This month is car care month. It is not only a celebration of the avid home mechanic but also an opportunity to discover your own abilities and figure out where you can save some money on car maintenance. There are many car care activities that even the person who is all thumbs with tools can safely do for their vehicle. These are some of the most basic or most consumer accessible car maintenance items that almost anyone can be successful with.
1. Inflate those Tires
Of all the car care tasks, this is by far one of the easiest. A basic tire gauge can be had for a couple dollars but getting into the habit of checking your tire pressure and adding air if need be during every other fuel fillup can save hundreds, if not thousands of dollars over the course of a vehicle’s life. Properly inflated tires wear much better, putting off the cost of replacing the tires for up to ten or twenty thousand miles. On top of this, improperly inflated tires can degrade fuel economy by as much as three to five percent.
2. Wash and Wax
Instead of paying someone to wash and wax your car, do it yourself. Washing is easy but requires soap that is designed for vehicles. The soap for your china can actually do damage to a vehicle’s paint. A bucket and sponge of some sort are all that is left to get your vehicle clean and a few old towels are a great way to dry off your vehicle.
Waxing a vehicle takes only half an hour. Purchasing a high quality car wax kit that includes all the components is a great way to get started and all waxes have detailed instructions. For the person looking to avoid a wax on/wax off process, there are one step waxing products available as well.
3. Clean the Interior
Cleaning the interior is another service often offered if you take your vehicle to a commercial car wash but can easily be done with your home canister vacuum as well. You can take it a step further with a detailing kit that attaches to the vacuum, helping getting into all those small nooks and crannies.
After vacuuming, apply a cleaner/surface protector to the plastic and leather surfaces. There are numerous brands and some that are designed to work both on plastic and leather. For safety reasons, do not apply these products to your steering wheel as they can make it slick.
4. Change the Air Filter
Of all the things related to car maintenance, replacing an air filter is one of the easiest tasks on most vehicles. In most cases, no tools are needed but checking one’s manual will indicate if tools are needed. Autoparts stores typically carry numerous brands of filters for most every vehicle out there and replacement instructions are included in most car manuals. Be sure to note details like which way the existing air filter is pointing before removing so the new one can be put in the right way.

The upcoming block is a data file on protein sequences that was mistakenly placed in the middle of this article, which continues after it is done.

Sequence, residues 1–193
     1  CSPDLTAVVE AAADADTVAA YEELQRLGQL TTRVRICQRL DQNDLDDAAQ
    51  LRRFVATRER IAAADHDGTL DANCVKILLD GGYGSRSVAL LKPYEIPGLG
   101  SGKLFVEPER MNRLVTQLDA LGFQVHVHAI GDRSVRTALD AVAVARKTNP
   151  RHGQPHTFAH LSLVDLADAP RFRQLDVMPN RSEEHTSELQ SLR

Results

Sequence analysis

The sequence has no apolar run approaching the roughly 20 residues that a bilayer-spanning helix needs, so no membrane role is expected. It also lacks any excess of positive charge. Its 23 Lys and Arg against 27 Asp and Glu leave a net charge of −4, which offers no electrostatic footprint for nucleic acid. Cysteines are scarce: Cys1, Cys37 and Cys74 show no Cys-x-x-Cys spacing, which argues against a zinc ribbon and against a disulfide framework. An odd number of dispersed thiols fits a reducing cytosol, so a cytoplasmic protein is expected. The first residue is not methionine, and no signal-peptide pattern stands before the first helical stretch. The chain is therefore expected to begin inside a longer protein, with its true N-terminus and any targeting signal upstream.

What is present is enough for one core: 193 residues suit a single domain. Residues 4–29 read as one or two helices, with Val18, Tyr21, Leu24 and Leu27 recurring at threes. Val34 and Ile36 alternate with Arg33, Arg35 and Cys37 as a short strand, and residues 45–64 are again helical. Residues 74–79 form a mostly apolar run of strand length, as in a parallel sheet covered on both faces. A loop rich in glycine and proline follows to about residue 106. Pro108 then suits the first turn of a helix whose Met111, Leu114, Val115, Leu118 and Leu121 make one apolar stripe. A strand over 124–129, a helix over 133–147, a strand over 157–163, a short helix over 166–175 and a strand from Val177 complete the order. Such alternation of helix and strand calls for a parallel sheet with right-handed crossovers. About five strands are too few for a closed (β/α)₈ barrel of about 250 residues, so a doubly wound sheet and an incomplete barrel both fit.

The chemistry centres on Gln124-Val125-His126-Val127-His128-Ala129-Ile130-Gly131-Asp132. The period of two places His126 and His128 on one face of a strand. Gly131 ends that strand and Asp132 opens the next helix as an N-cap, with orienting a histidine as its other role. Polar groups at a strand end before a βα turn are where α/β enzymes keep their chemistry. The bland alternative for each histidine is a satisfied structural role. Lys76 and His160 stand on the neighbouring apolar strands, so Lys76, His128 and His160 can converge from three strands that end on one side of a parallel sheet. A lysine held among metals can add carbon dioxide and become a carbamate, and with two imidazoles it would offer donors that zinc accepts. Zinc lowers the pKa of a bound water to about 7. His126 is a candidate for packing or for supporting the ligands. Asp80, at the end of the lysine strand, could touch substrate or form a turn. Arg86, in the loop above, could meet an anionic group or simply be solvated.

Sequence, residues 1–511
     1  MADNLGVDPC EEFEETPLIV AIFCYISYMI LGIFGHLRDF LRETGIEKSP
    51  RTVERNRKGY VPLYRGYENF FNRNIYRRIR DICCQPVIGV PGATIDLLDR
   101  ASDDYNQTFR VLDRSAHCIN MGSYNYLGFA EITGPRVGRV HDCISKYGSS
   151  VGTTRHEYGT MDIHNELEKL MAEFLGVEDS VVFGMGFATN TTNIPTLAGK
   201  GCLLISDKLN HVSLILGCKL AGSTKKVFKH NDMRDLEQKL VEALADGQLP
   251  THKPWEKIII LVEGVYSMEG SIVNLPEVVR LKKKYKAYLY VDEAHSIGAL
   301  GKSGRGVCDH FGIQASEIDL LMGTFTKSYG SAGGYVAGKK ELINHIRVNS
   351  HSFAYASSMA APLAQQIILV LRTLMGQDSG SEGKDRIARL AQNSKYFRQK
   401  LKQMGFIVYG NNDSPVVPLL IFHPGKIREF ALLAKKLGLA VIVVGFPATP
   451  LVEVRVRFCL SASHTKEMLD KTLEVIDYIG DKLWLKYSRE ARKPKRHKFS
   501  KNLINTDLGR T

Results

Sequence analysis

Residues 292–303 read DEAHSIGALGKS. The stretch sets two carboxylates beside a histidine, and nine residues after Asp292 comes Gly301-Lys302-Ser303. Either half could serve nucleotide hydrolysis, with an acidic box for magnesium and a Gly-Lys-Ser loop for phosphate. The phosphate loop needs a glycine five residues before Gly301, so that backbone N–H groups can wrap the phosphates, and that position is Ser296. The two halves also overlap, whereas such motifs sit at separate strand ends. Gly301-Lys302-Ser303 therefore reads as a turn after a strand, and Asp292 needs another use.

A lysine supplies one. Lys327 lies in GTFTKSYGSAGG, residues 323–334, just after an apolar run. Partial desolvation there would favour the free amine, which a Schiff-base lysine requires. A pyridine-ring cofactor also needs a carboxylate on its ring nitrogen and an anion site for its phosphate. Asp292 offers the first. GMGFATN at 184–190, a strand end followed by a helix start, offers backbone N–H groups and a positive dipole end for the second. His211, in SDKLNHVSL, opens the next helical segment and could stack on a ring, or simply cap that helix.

5. Change the Cabin Air Filter
Many vehicles, from economy cars to luxury vehicles have some type of in-cabin air filtration system in place to filter out odors and even pollutants from the air. Some of these systems filter all the air while others only filter the air when the system is put on the recirculation setting. Regardless, this is an activity that is typically easy to do. Again, your car’s manual will have the instructions for this procedure and in many cases is a job that requires no tools.
6. Windshield Wipers
We’ve all had windshield wipers that begin streaking. They are so easy to replace that many of the car parts stores will replace them for customers for free. Learning how to do them yourself, however, will let you replace them at a gas station at two in the morning if you have to at some point.
7. Fluid Top off
You’ve gone four thousand miles and your car hasn’t told you to change the oil yet, but you are out of windshield washer fluid; either because a light tells you or you have requested fluid and none has come out. It is really easy to add more and while you are under the hood, you should check the other fluids as well. On most vehicles, the fillers for the various fluids are easy to access and at times even color coded. Check the coolant and brake fluid reservoirs and purchase the appropriate products as needed. If you find that you are filling one of these fluids regularly, you are discovering a problem without having disastrous results as well.